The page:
For fans of THE END WE START FROM and STATION 11, a brilliantly original imagining of a young woman’s journey to discover her true identity, set in a post-apocalyptic Ireland.
LAST ONES LEFT ALIVE is the story of Orpen, a young woman who must walk on foot across a ravaged Ireland in the desperate hope of saving herself, and her aunt, from the zombie-like menace known as the skrake. Sarah Davis-Goff’s strikingly original debut will appeal to readers of dystopian literary fiction such as STATION 11 or THE END WE START FROM.
Watch your six. Beware tall buildings. Always have your knives.
Growing up on a tiny island off the coast of a post-apocalyptic Ireland, Orpen’s life has revolved around physical training and necessity. After Mam died, it’s the only way she and her aunt Maeve have survived the ravenous skrake (zombies) who roam the wilds of the ravaged countryside, looking for prey.
When Maeve is bitten and infected, Orpen knows what she should do – sink a knife into her aunt’s eye socket, and quickly. Instead, she tries to save Maeve, and following rumours of a distant city on the mainland, guarded by fierce banshees, she sets off, pushing her aunt in a wheelbarrow and accompanied by their little dog, Danger. It is a journey on which Orpen will need to fight repeatedly for her life, drawing on all of her training and instincts. In the course of it, she will learn more about the Emergency that destroyed her homeland, and the mythical Phoenix City – and discover a starting truth about her own identity.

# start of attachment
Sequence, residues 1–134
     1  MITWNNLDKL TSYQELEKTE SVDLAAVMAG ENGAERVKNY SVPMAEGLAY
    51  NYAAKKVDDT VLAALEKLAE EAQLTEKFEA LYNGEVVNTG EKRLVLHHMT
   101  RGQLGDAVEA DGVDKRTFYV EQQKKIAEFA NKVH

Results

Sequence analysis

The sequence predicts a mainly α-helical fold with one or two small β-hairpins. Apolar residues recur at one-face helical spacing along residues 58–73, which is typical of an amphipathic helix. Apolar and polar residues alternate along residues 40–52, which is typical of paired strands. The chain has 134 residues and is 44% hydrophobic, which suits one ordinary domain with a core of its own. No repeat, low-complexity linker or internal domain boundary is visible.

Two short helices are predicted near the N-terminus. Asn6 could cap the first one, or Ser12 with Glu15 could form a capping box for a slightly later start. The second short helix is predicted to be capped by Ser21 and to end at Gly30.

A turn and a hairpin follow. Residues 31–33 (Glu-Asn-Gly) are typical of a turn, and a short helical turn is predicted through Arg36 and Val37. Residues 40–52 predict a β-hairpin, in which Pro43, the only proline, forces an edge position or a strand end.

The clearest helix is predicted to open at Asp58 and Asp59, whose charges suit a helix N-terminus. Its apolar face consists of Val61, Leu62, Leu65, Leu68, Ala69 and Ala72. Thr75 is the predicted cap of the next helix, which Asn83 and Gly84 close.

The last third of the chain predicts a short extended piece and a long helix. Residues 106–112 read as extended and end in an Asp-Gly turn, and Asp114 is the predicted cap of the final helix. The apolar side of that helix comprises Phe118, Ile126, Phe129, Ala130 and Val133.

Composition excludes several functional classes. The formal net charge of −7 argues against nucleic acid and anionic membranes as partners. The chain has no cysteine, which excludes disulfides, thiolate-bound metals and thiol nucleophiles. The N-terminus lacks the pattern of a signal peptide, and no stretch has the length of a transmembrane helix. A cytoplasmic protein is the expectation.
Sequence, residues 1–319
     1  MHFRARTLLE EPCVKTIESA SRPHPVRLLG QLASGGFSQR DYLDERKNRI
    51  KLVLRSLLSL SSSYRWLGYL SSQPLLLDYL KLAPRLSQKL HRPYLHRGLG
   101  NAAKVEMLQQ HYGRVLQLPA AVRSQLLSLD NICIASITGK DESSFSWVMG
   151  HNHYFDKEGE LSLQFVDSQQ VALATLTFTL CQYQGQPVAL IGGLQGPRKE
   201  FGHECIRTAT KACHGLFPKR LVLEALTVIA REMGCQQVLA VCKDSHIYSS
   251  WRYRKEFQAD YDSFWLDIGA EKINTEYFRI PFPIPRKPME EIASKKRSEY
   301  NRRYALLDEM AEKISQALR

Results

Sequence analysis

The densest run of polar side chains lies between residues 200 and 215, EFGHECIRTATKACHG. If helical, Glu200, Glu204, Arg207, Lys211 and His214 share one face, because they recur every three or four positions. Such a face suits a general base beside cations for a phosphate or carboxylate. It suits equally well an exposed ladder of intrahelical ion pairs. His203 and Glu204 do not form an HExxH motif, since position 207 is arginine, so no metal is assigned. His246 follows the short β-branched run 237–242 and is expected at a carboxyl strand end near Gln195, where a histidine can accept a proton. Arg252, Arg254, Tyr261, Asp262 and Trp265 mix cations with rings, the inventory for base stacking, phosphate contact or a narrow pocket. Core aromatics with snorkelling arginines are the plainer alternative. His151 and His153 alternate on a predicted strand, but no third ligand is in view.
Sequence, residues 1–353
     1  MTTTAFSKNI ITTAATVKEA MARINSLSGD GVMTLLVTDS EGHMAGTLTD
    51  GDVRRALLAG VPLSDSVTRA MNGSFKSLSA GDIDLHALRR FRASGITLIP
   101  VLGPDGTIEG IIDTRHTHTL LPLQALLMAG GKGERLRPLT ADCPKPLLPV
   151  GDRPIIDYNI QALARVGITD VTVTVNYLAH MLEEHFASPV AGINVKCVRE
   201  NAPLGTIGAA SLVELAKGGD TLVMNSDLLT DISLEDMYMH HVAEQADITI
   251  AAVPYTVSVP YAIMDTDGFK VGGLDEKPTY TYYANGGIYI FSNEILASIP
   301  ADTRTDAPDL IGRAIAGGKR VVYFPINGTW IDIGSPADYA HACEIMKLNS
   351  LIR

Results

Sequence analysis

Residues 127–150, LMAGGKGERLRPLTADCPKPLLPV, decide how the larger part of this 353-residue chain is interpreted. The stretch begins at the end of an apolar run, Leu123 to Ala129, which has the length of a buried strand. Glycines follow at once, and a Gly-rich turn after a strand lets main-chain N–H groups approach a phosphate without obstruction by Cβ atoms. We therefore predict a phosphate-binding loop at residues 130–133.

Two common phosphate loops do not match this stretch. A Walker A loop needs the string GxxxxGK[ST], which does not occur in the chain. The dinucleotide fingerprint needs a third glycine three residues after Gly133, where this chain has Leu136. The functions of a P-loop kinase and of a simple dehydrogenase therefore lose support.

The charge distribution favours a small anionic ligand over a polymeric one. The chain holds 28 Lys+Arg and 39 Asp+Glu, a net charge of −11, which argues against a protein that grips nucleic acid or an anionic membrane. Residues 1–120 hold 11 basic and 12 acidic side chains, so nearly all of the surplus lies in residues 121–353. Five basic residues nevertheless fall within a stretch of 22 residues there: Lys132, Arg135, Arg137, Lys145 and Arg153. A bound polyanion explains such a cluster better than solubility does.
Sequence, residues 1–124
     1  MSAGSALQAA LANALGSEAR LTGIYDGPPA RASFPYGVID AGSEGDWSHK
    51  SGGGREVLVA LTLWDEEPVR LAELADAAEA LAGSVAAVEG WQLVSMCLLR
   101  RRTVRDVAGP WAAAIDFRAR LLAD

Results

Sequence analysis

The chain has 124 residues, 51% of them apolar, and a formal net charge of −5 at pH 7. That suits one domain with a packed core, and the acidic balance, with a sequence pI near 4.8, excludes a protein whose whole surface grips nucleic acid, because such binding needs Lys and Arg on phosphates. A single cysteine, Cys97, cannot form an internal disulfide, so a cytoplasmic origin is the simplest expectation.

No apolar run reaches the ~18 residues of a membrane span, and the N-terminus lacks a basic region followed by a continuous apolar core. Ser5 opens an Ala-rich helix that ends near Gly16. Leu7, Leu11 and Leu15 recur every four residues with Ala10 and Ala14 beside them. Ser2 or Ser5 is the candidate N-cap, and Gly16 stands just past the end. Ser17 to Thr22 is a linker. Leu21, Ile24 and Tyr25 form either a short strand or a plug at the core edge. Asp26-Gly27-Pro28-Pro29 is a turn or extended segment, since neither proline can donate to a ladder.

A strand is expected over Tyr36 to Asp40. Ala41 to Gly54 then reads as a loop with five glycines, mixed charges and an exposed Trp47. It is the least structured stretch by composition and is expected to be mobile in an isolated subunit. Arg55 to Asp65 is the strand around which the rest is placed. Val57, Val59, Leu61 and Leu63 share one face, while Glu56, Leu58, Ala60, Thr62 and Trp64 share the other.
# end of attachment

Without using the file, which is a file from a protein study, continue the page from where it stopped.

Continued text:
Bleakly beautiful. A raw emotional depth charge of a novel.
- MR Carey, author of The Girl with All the Gifts
Last Ones Left Alive is a debut novel of jaw-dropping skill and immense power, a shimmering dystopian vision but also a lucid meditation on tenderness, intimacy and courage. From the get-go, it gripped me, and since the last page I've been haunted.
- Joseph O'Connor, author of Star of the Sea
Last Ones Left Alive gripped me as much by the heart as it did by the throat. A stormer of a debut, Davis-Goff has created an urgent, assured, terrifying tale of destruction, humanity, and love.
- Kiran Millwood Hargrave, author of The Girl of Ink and Stars
Ferocious and Chilling, but brimming with real humanity.
- Lisa McInerney, author of The Glorious Heresies
Crisp and evocative. The dialogue crackles and sparks.
- Donal Ryan, author of The Spinning Heart
Kept me awake until 2am. A triumph.
- Louise O'Neill, author of Asking for It
A riveting novel.
- Eowyn Ivey, author of The Snow Child
Last Ones Left Alive can at times feel like a distinctly feminist, Irish spin on Richard Matheson’s I Am Legend.
Davis-Goff’s painstaking account of the courage and resourcefulness of these three women dominates the first part of the book, but their solitary ordeal preludes a much grander unfolding of female empowerment, in which they must join forces with the banshees, a company of women who set out to defeat the skrake—and other monstrous beings—and give humanity another chance.
- BookPage October Issue